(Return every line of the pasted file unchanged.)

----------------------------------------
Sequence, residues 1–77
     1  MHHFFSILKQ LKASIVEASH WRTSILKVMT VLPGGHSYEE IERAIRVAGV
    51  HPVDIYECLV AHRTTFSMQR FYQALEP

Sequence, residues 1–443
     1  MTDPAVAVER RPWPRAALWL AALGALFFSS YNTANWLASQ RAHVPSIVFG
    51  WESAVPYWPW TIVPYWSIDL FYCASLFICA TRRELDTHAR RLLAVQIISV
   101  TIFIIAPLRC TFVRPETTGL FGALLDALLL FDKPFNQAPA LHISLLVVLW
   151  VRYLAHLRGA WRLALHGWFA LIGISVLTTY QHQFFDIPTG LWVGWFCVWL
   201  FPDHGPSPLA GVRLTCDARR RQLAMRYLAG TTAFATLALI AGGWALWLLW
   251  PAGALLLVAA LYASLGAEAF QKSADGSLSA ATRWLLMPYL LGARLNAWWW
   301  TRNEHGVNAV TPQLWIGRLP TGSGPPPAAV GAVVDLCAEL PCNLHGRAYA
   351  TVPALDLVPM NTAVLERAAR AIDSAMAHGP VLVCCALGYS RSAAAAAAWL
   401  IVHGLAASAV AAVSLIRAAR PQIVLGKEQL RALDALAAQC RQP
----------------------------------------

Sequence, residues 1–77
     1  MHHFFSILKQ LKASIVEASH WRTSILKVMT VLPGGHSYEE IERAIRVAGV
    51  HPVDIYECLV AHRTTFSMQR FYQALEP

Sequence, residues 1–443
     1  MTDPAVAVER RPWPRAALWL AALGALFFSS YNTANWLASQ RAHVPSIVFG
    51  WESAVPYWPW TIVPYWSIDL FYCASLFICA TRRELDTHAR RLLAVQIISV
   101  TIFIIAPLRC TFVRPETTGL FGALLDALLL FDKPFNQAPA LHISLLVVLW
   151  VRYLAHLRGA WRLALHGWFA LIGISVLTTY QHQFFDIPTG LWVGWFCVWL
   201  FPDHGPSPLA GVRLTCDARR RQLAMRYLAG TTAFATLALI AGGWALWLLW
   251  PAGALLLVAA LYASLGAEAF QKSADGSLSA ATRWLLMPYL LGARLNAWWW
   301  TRNEHGVNAV TPQLWIGRLP TGSGPPPAAV GAVVDLCAEL PCNLHGRAYA
   351  TVPALDLVPM NTAVLERAAR AIDSAMAHGP VLVCCALGYS RSAAAAAAWL
   401  IVHGLAASAV AAVSLIRAAR PQIVLGKEQL RALDALAAQC RQP